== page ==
Over the past several years there have been increasing calls for decision support tools in the area of climate, and acknowledgement that changing extremes add to an already challenging decision environment for water managers. Recurring droughts, floods, and concerns over extreme events in the future have created a strong interest among water managers in the Front Range of Colorado in how to plan for these extremes. Traditional methods of identifying alternatives for water supply management may not fully capture the range of existing preferred alternatives, meaning that utilities may miss some of the solutions that appropriately balance among tradeoffs. In this project, we have co-produced and are testing a newly developed multi-objective decision tool, balancing conflicting management objectives for water planning under climate extremes and determining how policy alternatives perform under severe climate uncertainty. In the past year, we have completed optimization runs with a complete model of the hypothetical Front Range water management context. We have developed performance objectives for the model and used CMIP3 and CMIP5 Bureau of Reclamation downscaled climate projections to develop climate scenarios to test the utility of the MOEA tool. We conducted a workshop to evaluate how water managers interacted with the tool and understand its use in potential future decisions. WWA collaborators contributed significant expertise in the design and conduct of the workshop. A dissertation project is being completed summarizing the results of these experiments and tool testing.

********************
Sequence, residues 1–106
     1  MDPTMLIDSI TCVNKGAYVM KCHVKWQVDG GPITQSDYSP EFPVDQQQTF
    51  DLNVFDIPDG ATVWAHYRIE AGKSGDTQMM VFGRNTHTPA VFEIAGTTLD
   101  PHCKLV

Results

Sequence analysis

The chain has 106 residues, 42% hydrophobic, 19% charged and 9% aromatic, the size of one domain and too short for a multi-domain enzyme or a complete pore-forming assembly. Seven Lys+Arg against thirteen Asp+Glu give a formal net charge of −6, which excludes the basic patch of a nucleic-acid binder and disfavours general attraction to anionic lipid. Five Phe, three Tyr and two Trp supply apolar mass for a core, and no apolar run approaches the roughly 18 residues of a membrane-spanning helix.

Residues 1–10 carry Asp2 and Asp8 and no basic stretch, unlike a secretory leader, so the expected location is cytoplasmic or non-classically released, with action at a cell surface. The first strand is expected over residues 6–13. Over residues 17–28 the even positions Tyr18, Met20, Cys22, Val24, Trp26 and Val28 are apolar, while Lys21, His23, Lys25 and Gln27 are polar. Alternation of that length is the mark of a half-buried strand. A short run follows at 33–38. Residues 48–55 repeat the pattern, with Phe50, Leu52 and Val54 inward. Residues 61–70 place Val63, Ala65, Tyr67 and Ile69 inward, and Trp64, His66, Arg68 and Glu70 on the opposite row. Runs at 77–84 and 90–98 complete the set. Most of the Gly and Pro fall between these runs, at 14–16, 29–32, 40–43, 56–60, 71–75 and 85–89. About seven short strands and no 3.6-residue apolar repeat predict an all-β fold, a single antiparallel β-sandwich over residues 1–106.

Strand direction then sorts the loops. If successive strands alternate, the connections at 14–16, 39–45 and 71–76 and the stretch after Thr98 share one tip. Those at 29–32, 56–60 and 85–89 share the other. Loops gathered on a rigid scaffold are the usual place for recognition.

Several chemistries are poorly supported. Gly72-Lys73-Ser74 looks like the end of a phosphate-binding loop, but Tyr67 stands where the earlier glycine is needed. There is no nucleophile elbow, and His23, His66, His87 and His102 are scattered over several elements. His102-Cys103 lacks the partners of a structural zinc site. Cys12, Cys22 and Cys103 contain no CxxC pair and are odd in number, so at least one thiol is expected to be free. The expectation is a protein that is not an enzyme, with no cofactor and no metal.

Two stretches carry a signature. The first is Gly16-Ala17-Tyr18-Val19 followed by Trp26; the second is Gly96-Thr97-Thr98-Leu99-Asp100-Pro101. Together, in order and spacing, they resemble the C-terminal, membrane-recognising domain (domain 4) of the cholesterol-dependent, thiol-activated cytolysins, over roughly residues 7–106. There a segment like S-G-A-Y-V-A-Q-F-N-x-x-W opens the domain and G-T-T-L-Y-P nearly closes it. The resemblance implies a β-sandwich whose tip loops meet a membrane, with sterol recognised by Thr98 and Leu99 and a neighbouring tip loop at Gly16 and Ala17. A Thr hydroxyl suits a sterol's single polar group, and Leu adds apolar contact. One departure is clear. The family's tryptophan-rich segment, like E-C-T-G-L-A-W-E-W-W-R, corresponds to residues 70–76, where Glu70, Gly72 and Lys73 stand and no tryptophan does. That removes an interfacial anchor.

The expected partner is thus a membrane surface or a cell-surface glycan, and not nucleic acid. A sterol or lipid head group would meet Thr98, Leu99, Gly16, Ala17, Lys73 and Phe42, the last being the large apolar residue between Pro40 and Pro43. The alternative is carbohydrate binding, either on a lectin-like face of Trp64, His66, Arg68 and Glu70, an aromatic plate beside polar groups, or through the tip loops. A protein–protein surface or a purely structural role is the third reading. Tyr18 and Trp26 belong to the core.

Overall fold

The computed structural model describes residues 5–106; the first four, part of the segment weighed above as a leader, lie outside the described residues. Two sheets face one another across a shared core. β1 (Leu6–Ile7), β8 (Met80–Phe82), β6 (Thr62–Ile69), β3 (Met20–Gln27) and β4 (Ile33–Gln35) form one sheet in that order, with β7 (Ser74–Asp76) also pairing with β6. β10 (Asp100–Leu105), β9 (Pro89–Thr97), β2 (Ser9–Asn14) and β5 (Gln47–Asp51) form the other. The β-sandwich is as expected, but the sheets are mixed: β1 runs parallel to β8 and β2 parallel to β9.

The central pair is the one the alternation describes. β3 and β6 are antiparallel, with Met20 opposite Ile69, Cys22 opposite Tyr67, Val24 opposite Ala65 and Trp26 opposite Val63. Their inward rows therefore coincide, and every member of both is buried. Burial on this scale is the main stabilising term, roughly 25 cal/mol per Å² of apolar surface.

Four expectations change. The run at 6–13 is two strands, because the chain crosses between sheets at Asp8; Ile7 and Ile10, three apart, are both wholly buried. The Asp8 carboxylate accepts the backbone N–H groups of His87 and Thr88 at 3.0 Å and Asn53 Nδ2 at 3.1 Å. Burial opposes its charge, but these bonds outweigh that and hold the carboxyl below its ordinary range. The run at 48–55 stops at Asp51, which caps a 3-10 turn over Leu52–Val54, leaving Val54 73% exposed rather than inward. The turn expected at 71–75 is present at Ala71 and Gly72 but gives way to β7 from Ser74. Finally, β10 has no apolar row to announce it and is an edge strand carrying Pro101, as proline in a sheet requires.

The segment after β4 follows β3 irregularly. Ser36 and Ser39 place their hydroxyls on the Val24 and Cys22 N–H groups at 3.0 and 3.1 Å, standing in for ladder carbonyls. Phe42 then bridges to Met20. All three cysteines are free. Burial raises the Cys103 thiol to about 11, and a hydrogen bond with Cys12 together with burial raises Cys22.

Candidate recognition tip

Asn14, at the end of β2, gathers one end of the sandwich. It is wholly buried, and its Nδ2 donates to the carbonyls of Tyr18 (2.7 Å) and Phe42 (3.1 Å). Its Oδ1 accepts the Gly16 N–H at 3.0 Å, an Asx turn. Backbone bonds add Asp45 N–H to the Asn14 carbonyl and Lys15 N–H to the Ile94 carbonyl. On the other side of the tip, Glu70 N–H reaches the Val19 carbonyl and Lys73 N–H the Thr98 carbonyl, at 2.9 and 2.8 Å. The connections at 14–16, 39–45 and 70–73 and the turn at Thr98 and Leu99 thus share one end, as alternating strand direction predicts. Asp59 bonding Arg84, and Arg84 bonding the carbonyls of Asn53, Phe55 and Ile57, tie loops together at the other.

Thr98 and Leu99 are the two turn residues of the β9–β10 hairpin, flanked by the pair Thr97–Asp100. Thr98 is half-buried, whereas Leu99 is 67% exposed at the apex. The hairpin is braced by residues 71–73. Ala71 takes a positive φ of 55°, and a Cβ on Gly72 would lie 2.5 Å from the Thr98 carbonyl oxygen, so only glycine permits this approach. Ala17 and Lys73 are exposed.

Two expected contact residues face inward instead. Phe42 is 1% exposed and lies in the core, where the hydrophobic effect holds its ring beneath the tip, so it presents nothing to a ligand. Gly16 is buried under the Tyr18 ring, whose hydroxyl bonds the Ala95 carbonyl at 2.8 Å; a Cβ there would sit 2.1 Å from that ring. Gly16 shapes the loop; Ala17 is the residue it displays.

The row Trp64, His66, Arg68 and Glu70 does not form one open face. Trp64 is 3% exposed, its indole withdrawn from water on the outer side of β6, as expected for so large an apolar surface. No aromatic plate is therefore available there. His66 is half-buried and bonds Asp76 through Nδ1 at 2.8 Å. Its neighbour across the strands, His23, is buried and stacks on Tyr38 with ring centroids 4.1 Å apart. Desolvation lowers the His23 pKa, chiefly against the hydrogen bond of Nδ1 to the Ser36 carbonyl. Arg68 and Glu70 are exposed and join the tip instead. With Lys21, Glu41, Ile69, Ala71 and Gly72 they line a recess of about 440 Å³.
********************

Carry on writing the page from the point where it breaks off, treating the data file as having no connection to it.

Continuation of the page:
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Extreme Precipitation Estimation Under Climate Change for Dam Safety

Primary Investigator(s): K. Mahoney, J. Lukas
Stakeholders: Colorado Division of Water Resources Dam Safety Program; New Mexico Office of the State Engineer, CO-NM REPS technical advisory board members and other stakeholders